I wanted to write a few personal notes on shooting this weekend at 32ten studios for the new term just announced. The shoot is 2/3th over as I write this in my hotel room at 5 am unable to sleep on the morning of the new term – and the shoot so far has been a huge success.
We will be publishing an fxguidetv and an Oweek video this week that will show much more, but I hoped to note a few personal observations, about shoots in general and this one in particular.
Firstly, once again I am reminded how lucky I am to work with such an amazingly talented group of people, and to have such a blessed life that I get to do this for a living. I guess I should state this more often, but having such brilliant business partners who I would trust with my life, – is not to be taken lightly and often times it is sadly just not true for many people – but it is true for me. Pick your business partners well would be my advice. Make sure they are brighter than you and then trust them.
It sounds simple but fxguide has been a team since 1999, fxphd for about half that time and everything we do is only possible as we seem to spend very little time arguing, fighting or playing politics – in fact, there is none of that. I can say this publicly as all the attendees at the workshop this week have seen our team under stress and I don’t think a single one of them would be able to point to even one second where the founders of the company were even close to being in conflict. That sets the tone I think for shoots. If on a normal shoot the director and producers are in harmony, then everyone one picks up on that vibe.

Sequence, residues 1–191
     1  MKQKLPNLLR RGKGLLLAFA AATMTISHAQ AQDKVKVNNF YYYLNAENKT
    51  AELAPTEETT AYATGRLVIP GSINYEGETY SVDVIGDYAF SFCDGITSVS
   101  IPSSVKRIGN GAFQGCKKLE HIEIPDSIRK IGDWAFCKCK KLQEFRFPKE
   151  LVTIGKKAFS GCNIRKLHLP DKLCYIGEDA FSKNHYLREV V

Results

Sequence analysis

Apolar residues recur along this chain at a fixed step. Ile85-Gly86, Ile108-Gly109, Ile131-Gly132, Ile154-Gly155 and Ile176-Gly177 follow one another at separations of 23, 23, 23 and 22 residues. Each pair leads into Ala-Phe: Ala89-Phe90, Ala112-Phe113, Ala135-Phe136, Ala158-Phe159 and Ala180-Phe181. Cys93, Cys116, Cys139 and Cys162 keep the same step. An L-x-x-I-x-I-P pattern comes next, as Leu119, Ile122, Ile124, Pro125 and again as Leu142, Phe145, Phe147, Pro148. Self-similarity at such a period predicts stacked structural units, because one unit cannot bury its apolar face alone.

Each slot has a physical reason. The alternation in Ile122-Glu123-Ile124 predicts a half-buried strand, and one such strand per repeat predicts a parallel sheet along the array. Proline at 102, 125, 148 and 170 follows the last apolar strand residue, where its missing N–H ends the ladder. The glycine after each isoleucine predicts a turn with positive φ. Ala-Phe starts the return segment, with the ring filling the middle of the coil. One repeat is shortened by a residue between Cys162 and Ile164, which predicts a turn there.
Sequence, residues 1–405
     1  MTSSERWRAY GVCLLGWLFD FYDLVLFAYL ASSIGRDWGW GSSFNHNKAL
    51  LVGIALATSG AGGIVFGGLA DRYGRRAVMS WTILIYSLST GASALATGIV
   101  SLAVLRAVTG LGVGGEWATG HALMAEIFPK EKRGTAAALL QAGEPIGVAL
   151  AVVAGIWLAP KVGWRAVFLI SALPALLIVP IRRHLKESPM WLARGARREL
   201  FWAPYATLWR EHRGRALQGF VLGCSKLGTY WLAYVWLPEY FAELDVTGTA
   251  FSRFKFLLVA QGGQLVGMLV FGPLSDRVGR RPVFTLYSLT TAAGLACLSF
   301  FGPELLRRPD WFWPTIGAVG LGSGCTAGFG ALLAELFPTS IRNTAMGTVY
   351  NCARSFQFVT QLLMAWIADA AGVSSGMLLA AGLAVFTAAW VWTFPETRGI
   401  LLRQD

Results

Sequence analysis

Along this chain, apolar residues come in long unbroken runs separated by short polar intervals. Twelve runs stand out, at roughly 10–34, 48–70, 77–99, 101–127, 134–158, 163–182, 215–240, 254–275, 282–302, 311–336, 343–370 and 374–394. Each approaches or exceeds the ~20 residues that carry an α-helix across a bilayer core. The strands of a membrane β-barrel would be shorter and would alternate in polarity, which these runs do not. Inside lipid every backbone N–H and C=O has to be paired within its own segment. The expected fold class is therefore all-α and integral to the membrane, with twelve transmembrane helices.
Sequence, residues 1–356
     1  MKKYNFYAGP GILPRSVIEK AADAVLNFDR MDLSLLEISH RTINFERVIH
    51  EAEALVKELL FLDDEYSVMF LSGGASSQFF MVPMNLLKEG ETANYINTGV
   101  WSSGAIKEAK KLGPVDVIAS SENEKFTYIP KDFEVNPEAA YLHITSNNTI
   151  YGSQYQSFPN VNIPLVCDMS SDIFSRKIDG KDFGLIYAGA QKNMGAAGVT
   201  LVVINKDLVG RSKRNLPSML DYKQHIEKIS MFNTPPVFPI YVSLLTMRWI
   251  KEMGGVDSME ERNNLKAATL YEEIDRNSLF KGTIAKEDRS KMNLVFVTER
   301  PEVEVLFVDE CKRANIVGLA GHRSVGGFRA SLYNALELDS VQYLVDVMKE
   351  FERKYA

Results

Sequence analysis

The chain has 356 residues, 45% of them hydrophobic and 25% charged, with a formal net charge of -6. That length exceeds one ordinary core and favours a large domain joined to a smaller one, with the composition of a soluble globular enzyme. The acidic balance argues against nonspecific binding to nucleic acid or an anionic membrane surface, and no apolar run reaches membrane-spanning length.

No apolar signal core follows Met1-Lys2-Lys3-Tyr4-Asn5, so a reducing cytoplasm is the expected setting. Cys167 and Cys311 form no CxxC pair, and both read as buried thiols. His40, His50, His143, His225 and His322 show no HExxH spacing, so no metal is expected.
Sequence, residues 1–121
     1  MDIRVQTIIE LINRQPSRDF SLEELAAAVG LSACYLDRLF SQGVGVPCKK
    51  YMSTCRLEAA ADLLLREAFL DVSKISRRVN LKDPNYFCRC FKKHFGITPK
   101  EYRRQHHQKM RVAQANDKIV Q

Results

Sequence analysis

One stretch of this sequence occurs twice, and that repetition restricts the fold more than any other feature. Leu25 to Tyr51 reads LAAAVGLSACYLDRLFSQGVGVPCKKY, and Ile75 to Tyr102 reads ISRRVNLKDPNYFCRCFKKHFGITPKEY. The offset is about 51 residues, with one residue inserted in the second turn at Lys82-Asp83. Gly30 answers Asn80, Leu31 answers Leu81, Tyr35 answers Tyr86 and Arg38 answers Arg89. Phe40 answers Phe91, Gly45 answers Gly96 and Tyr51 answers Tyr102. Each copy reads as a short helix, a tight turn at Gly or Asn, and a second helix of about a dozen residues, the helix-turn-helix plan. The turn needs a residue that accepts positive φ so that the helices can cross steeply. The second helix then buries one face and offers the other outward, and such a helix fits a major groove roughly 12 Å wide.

Secondly, hire insanely competent staff who you can rely on and who only ever need to be told anything twice. We have a such a team member this week, – Jim Shen – a quite spoken guy who is competent, trusted and who just quietly moves mountains. Jim is joined by a great team in our other offices – each one exceptional – but Jim was our first employee and remains my right hand – without whom I just could not function.
A shoot is like recording a car crash – it is spectacular and you need to brace yourself or get hurt. You need to prepare yourself, but mainly there is a sense of it just happening around you and you get no “do overs” . If you did not get what you needed – tough – we have moved on and we wont have time to come back. Knowing things are just being looked after by your team so you can look forward and not back – makes the car crash more like a wild 4 wheel drift on a test track and less like a head on collision – with you as the test dummy.
Next I can not say enough about how impressive the team at 32ten and Scott Squires are – wow. Of course Scott is ex-ILM and 32ten team comes from the ILM Model shop – so while Scott has not shot with the 32ten guys in a while – I have heard more than one crew member remark to Scott – “great to see you- we need you to mov back up here Scott so we can work together again more!” You would be a fool to not think any shoot with this ex ILM crew would not be awesome, but on set – with all the complexity of filming for fxphd, with some 20 attendees – and the complexity of providing teaching and educational focus to them, this crew has just blown through shots.